British GSK says senior executives appear to have broken Chinese law

British GSK says senior executives appear to have broken Chinese law

British GSK says senior executives appear to have broken Chinese law

A flag (L) bearing the logo of GSK flutters next to a Chinese national flag (C) and a United Kingdom flag, outside a GlaxoSmithKline office building in Shanghai. REUTERS photo

British drugmaker GlaxoSmithKline said July 22 that some of its executives in China appeared to have broken the law in a bribery scandal while proposed changes to the firm’s business model would lower the cost of its medicine in the country.

GSK is the latest in a string of multinationals to be targeted by Chinese authorities over alleged corruption, price-fixing and quality controls.

Chinese police visited the Shanghai office of another British drugmaker, AstraZeneca, a company spokeswoman said. The police came on July 19 and took away one employee for questioning, she said, without giving further details.

No tolerance for law breaking

GSK’s head of emerging markets, Abbas Hussain, said the company had zero tolerance for employees who broke the law.

“Certain senior executives of GSK China, who know our systems well, appear to have acted outside of our processes and controls, which breaches Chinese law,” he said in a statement.

Hussain, sent to China last week to lead GSK’s response to the crisis, held a meeting with the Ministry of Public Security at which he also promised to review GSK’s business model.

“Savings made as a result of proposed changes to our operational model will be passed on in the form of price reductions, ensuring our medicines are more affordable to Chinese patients,” Hussain added.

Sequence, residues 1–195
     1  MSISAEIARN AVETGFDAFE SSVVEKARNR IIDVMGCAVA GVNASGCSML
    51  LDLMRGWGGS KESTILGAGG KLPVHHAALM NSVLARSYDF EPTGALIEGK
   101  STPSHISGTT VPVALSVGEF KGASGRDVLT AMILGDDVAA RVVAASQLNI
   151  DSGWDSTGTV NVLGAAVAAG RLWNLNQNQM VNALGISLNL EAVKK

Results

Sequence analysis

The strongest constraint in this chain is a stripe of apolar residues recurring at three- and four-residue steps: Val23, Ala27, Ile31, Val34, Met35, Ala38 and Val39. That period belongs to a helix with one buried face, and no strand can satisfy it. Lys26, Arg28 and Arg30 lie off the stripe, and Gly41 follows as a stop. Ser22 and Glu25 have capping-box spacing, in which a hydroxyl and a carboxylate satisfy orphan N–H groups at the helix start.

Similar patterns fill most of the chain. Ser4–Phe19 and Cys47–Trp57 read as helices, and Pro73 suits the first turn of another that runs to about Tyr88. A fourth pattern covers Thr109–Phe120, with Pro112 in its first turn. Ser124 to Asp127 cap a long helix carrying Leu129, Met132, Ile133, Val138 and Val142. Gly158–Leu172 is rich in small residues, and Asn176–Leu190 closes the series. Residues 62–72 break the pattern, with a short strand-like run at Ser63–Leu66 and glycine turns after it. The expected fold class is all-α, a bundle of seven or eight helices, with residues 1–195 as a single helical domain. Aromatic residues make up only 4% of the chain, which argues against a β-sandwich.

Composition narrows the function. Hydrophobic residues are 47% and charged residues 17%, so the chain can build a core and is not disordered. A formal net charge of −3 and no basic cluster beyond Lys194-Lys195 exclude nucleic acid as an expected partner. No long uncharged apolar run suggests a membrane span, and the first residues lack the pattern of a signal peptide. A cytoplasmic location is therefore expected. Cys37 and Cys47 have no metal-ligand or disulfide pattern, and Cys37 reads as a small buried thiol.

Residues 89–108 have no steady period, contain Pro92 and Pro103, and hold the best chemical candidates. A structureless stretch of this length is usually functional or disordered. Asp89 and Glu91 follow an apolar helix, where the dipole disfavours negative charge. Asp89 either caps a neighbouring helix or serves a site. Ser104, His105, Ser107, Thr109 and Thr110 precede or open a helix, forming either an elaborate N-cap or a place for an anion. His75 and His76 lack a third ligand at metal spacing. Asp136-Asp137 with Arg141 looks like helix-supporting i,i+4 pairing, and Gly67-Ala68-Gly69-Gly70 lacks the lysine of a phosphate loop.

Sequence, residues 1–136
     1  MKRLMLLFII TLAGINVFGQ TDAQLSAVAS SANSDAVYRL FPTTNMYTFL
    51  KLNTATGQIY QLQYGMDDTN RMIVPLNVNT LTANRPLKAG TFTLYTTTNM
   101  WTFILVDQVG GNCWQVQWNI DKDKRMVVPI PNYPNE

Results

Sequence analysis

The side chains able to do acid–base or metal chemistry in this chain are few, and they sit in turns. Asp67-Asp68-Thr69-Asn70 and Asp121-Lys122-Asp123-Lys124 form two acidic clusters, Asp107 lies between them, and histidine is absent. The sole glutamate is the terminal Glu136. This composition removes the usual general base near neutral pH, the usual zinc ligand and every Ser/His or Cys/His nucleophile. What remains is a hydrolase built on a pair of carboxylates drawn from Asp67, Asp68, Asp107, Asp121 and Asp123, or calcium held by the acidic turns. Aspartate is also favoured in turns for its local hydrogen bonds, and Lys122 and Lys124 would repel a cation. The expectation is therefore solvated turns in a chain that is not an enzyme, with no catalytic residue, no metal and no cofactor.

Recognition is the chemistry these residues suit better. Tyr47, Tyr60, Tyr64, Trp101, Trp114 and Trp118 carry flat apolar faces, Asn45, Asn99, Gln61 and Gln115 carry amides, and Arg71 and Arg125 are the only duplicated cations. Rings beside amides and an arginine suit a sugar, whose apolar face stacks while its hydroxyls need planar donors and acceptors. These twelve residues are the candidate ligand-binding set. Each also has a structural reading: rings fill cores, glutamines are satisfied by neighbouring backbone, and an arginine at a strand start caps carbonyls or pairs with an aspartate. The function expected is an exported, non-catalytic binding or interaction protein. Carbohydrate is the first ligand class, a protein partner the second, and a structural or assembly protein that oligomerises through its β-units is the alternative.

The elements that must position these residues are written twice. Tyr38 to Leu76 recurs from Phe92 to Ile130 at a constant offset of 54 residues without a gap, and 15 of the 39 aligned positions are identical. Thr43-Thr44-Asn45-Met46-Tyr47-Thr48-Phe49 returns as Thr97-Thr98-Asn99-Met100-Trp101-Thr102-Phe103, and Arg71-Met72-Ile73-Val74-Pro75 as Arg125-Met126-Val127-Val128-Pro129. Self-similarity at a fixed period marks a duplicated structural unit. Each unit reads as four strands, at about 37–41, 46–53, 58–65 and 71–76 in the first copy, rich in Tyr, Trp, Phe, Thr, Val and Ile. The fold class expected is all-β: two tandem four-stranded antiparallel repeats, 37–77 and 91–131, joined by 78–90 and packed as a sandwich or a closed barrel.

The company gave no details on the changes or the extent of price cuts. GSK supplies key products such as vaccines in China, as well as drugs for lung disease and cancer.

Chinese police last week accused GSK of bribing officials and doctors to boost sales and raise the price of its medicines.

They said GSK transferred up to 3 billion yuan ($489 million) to 700 travel agencies and consultancies over six years to facilitate the bribes. Four senior Chinese executives from GSK have been detained.
Britain’s biggest drugmaker has said it was deeply concerned by the allegations, which it called “shameful”.

Last week, Chinese authorities also visited the Shanghai office of Belgian drugmaker UCB. A UCB spokesman said the visit was part of a wider investigation that included other drug companies, although he did not identify them.

In a statement, China’s Ministry of Public Security said Hussain apologised for the scandal during the meeting.

He was dispatched to China by Chief Executive Andrew Witty, along with the group’s global head of internal audit and a senior legal official, a person familiar with the matter said on July 19.

Witty will detail what action the drugmaker is taking in response to the bribery allegations when he presents quarterly results on Wednesday, sources said.

The company has run into problems despite conducting up to 20 internal audits in China each year, resulting in the sacking of dozens of staff for misconduct. In 2012, GSK dismissed 312 staff for policy violations worldwide, according to its annual Corporate Responsibility report, of which 56 were in China.

Despite the crisis, the company’s shares have held up - reflecting the fact that China accounts for only around 3 percent of sales.

GSK to cut drug prices

GSK’s intention to cut the price of its medicines in China would be in line with how other foreign companies have responded to pressure from Beijing.

European food groups Nestle and Danone said they would cut infant milk formula prices in China after Beijing launched an inquiry into the industry.

“In China, when the government criticises people, they tend to bow down and apologise very quickly because they are scared of the authority of the central government to do tremendous harm to their business - whether it be for arresting executives very quickly or through auditing,” said Shaun Rein, managing director of the Shanghai-based China Market Research Group.